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Title: Absurd perseverance in Carson McCullers’s The Heart is a Lonely Hunter
Authors: Young, Angus
Keywords: Death in literature
Suicide in literature
Discourse analysis, Literary
Alienation (Philosophy) in literature
Meaning (Philosophy) in literature
Issue Date: 2018-06
Publisher: University of Malta. Department of English
Citation: Young, A. (2018). Absurd perseverance in Carson McCullers’s The Heart is a Lonely Hunter. Antae Journal, 5(2), 154-168.
Abstract: This essay argues that Carson McCullers’s The Heart is a Lonely Hunter (1940) renders suicide as an ineffective response to an unassailable condition of alienation. In so doing, the text celebrates the perseverance of characters who continue living while dismissing the possibility of disrupting such a state of being through a self-orchestrated death. This extolling of survival and concurrent securing of a social order of alienation, I suggest, realises and problematises the logic of Albert Camus’s The Myth of Sisyphus. Camus argues that revolting against an insurmountable problem of being unable to define a meaning to life is itself a reason to continue living. However, such a construction presupposes the ineffectual nature of self-killing and renders living as a perpetual struggle against a fixed state of being. I suggest that McCullers develops a similar Sisyphean structure in her novel. The unassailable challenge in McCullers’ text is one of inevitable alienation working against a desire for a shared collective understanding. John Singer’s suicide troubles this construction as it reaffirms a separation between people while simultaneously ending an individual’s struggle against such isolation. An unsettled tension is then raised between the choices of a futile life or a futile death.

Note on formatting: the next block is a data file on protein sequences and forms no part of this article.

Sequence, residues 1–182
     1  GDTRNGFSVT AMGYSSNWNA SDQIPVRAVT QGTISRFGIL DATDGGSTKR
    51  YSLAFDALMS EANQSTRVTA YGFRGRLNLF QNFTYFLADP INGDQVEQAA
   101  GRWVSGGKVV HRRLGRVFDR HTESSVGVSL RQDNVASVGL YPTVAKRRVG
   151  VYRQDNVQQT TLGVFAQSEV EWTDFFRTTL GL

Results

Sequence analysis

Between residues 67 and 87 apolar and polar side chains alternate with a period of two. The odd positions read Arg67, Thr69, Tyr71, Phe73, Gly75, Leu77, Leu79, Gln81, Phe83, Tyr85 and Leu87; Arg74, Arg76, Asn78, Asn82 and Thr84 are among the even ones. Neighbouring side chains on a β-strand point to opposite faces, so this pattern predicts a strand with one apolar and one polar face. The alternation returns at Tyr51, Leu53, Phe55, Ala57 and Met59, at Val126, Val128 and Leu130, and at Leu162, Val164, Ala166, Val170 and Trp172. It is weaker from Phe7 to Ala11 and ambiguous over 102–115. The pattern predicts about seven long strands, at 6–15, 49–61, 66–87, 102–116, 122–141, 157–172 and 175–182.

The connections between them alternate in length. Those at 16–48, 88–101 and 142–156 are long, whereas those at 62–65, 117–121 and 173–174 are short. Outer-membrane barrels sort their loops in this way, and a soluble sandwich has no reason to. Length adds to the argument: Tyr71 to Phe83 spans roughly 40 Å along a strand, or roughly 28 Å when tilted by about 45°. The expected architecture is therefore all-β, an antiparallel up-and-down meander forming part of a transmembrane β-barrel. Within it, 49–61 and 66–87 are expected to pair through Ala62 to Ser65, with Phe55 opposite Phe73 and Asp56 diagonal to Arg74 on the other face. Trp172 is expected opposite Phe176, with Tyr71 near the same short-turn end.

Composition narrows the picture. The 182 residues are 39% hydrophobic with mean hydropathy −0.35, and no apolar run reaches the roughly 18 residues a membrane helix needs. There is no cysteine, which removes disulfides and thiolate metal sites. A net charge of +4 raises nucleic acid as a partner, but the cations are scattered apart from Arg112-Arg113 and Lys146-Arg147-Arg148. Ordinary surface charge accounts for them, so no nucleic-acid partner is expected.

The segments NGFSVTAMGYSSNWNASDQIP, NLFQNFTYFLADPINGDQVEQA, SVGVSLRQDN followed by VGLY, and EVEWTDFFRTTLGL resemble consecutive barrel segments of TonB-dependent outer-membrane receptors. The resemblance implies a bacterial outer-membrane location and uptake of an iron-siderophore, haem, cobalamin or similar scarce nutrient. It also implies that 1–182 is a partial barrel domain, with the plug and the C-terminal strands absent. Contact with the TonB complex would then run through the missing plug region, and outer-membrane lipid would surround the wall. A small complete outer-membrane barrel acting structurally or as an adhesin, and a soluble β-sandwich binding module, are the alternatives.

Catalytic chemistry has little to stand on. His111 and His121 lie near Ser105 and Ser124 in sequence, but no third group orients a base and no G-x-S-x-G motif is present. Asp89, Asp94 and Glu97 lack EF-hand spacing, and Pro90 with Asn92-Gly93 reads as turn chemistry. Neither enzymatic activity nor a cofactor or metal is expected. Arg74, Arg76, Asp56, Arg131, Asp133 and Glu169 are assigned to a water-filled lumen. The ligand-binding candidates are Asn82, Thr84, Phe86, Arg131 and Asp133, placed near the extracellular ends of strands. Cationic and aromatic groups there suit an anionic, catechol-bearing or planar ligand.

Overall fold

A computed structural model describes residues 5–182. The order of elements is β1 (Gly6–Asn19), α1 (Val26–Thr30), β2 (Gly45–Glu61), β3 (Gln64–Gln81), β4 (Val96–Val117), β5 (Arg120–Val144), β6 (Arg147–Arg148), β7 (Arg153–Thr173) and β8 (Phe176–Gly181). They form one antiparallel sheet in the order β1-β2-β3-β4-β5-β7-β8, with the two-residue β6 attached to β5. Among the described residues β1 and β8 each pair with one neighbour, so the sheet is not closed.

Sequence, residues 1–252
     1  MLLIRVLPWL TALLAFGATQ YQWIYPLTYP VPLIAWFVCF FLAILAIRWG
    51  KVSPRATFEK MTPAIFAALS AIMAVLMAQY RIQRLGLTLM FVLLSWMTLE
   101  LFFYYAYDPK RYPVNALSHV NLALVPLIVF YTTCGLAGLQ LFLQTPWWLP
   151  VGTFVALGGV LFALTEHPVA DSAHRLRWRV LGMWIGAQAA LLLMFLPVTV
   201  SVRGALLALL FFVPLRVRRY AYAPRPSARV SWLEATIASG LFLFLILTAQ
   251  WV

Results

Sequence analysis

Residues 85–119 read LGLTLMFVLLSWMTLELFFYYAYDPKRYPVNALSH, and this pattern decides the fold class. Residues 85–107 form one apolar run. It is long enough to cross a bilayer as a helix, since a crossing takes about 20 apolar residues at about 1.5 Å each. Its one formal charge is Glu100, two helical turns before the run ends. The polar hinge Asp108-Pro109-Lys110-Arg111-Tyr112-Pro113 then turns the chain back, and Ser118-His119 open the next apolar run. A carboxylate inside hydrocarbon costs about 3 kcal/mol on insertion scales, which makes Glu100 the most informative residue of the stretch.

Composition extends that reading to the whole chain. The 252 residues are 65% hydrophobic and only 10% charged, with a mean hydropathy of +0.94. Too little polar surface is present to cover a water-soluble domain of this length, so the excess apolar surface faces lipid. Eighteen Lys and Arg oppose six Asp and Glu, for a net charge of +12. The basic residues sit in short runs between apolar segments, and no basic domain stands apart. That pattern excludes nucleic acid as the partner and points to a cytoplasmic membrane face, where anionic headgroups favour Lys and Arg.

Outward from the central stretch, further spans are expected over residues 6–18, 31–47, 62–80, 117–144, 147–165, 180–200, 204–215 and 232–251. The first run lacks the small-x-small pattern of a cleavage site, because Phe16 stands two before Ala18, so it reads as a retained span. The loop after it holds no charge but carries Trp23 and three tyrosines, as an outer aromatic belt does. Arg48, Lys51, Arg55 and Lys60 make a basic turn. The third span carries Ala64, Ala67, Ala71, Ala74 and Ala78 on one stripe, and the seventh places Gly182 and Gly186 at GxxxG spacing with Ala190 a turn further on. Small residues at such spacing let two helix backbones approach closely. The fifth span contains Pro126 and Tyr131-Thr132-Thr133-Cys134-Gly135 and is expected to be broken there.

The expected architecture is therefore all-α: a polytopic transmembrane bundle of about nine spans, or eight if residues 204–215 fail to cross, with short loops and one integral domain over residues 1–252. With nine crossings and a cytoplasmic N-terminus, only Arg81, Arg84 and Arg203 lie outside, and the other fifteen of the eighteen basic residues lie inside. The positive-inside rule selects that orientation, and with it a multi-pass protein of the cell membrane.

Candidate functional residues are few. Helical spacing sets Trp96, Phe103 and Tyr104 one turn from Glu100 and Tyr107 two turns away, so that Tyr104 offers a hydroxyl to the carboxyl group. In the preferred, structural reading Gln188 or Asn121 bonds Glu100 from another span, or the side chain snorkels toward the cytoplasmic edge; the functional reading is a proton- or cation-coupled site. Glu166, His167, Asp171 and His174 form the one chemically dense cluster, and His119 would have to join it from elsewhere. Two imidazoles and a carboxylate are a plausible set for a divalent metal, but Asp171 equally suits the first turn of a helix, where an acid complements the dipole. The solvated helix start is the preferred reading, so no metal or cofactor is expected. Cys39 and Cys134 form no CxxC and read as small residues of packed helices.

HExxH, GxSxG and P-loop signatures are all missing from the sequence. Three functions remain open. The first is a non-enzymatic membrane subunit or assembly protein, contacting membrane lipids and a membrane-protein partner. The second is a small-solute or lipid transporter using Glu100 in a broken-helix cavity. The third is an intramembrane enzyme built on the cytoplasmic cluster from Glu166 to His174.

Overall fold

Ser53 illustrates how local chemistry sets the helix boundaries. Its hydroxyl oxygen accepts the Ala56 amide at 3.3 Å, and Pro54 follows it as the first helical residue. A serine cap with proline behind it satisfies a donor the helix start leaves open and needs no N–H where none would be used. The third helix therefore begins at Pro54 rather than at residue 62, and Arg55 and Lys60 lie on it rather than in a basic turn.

Appears in Collections:Antae Journal, Volume 5, Issue 2
Antae Journal, Volume 5, Issue 2

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